cldECS – Quick Update



What’s Shakin’

Just a quick update on the Entity Component System framework project! Yes, I’ve been working away on it, and it’s now running swimmingly. While I’m still working on some example projects using it, you’re more than welcome to download it and try it out for yourself. The docs (that is, the README) aren’t all that fleshed out, but the headers all have pretty solid explanations of what everything does. There’s only four of them, so it shouldn’t be too tough a read.¬†

Cool Graphic

As you can see from the image above, I went ahead and made a logo for it. While I might be getting a bit too excited about things with that, I made it for a good reason; one which will be evident hopefully in the coming weeks. And those shapes in the logo weren’t just picked out of a hat. ūüėČ

Landing What?

Finally, I’m confident enough in this simple framework that I also made a little landing page for it. Right now it doesn’t have much other than the logo that links to the GitHub project, but it’s something to keep an eye on.¬†


CLD CES – First Post

In the past I’ve dabbled a bit with the component-entity system model of design, and with my recent endeavors in teaching myself C++ I thought it’d be a good project to create a simple CES framework. If you don’t know what the CES or ECS design model is, I’d recommend giving the Wikipedia article¬†on it a read before continuing.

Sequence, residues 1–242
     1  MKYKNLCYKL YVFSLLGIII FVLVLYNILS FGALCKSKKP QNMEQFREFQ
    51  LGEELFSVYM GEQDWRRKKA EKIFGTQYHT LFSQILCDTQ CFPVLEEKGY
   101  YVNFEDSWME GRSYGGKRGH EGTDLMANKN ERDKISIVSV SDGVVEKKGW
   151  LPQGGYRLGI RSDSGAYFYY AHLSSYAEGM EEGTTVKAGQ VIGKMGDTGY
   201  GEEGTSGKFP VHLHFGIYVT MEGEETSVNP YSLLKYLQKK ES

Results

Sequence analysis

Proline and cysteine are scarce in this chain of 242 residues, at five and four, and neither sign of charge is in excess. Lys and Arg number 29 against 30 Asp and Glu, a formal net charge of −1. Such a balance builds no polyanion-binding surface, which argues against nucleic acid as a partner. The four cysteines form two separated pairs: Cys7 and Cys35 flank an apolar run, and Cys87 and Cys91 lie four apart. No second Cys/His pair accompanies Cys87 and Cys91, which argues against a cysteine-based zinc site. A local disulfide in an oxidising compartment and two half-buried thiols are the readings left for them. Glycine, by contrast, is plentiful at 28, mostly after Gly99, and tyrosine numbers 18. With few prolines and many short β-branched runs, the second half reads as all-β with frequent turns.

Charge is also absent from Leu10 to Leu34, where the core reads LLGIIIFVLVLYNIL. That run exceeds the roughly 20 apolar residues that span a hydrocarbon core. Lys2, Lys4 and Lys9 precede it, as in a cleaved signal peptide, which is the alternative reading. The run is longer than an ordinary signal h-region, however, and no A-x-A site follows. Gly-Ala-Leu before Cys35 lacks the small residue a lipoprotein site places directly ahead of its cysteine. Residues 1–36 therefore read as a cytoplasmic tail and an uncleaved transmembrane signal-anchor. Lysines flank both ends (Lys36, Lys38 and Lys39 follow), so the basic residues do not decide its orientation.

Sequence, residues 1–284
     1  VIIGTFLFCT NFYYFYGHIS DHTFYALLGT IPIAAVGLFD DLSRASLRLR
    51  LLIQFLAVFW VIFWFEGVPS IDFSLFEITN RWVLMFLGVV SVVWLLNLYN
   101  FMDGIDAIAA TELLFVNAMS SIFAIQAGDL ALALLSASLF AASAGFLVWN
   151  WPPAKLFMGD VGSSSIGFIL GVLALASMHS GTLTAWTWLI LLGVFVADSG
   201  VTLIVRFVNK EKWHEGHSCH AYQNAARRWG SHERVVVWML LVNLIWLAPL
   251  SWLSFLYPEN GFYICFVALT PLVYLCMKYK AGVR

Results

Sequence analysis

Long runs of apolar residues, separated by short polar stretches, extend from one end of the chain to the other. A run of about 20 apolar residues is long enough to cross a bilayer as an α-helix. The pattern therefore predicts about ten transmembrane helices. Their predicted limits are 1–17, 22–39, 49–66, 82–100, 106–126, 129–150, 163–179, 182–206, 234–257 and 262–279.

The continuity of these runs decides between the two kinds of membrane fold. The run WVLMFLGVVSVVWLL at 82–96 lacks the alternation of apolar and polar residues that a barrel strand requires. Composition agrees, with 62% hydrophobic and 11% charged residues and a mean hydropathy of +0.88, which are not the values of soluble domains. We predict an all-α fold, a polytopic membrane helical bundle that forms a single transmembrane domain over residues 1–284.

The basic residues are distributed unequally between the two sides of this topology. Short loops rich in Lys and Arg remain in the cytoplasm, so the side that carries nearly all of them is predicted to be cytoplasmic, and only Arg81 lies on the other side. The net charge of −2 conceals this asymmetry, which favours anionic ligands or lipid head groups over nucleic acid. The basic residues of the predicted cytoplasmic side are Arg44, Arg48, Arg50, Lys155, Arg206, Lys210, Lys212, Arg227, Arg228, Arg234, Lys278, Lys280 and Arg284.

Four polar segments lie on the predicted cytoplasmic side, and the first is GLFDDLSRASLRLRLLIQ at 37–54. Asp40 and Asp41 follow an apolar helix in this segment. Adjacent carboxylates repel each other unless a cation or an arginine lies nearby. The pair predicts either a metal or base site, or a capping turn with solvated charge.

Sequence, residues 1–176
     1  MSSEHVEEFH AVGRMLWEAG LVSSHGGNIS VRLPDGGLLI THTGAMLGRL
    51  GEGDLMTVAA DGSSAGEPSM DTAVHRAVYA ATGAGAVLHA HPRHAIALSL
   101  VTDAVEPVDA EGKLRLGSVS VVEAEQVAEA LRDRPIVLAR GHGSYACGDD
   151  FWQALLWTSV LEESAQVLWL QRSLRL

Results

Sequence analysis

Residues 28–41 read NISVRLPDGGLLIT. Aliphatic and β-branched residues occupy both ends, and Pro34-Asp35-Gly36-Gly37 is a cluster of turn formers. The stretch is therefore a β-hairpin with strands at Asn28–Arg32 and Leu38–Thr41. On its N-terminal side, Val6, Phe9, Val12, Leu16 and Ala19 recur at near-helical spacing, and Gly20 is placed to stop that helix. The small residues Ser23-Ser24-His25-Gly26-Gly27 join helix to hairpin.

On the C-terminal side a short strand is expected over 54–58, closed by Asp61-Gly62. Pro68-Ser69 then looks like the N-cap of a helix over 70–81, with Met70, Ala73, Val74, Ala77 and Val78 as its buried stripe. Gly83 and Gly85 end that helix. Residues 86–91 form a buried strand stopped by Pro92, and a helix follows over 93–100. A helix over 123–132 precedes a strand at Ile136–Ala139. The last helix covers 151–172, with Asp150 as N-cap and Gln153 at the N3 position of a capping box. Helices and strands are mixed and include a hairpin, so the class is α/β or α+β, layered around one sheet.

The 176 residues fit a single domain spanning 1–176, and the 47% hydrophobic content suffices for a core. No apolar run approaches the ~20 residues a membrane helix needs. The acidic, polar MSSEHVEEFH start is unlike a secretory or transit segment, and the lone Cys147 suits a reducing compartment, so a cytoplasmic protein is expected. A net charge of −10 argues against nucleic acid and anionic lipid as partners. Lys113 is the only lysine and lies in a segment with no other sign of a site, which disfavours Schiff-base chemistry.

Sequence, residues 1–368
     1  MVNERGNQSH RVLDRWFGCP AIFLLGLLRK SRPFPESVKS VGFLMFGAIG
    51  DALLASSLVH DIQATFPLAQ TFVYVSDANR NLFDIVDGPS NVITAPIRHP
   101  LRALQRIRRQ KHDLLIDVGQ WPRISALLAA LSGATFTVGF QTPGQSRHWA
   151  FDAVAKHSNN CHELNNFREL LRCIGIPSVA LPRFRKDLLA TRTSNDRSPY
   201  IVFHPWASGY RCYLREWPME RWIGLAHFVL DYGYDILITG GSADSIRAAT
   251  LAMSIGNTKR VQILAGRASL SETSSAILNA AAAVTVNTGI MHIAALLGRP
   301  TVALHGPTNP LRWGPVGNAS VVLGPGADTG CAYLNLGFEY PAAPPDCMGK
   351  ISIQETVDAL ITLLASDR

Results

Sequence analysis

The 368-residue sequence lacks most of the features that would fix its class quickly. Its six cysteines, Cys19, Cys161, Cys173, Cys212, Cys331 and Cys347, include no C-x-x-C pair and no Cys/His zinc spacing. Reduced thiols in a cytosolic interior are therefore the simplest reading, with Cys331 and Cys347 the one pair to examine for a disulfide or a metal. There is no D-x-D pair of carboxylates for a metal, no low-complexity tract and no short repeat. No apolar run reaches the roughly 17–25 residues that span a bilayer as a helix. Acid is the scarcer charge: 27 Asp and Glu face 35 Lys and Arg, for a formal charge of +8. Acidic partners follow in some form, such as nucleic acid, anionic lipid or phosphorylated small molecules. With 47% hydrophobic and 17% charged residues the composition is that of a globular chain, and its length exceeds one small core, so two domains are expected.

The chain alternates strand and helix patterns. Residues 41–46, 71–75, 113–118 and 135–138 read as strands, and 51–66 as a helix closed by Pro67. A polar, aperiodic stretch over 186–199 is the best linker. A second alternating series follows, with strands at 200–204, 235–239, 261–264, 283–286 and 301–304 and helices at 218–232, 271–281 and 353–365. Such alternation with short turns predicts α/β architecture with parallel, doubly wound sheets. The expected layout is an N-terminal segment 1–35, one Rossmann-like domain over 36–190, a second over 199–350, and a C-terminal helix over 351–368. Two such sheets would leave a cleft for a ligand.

The approach I’m taking is very bare-bones, and for good reason IMO. I’d like it to be as simple as possible, so it doesn’t necessarily become restricted to being a “game engine”. Currently I’m using four objects in the framework:

  • Component: The Component¬†class is just a base for other custom Components that will simply store data. I’m using simple class inheritance here.
  • Library: The Library will contain a database of all Entities and their corresponding Components. The database is an unordered map, with the key being an int that represents an Entity and the value being another unordered map that holds the Components. That “Component” map’s keys are the typeid of the Component object (so as not to store duplicate Component types) and a pointer to the Component itself. The Library also serves as a “Librarian” that can provide information on the Components and Entities; things like a vector of all Entities that contain Component X, a specific Component of a particular Entity, or whether or not an Entity contains a Component of type X. Creation and destruction of Entities is handled by the Library, as is addition and removal of Components to/from Entities.
  • System: The Systems will be where the messiness comes in, but that’s all up to the developer using the framework. It will have the ability to communicate with the Library contained in the System’s World (see below), access all the Library’s public methods and alter the data in Components.
  • World: The World is the encompassing object that holds a set of Systems and the Library they can access. It initializes all Systems and connects each to the Library. The World is also responsible for the main program loop that runs through each System one at a time, updating each.

I’m fairly certain that while I’ve got a good idea of how I want the framework to function I’m still a good ways off from having it in a relatively solid, functional state. For instance, I’m probably going to need to create some sort of messaging system so systems will have a better way of interacting with one another (Messages could easily be they’re own Component type).

You can follow the development of the framework at Github.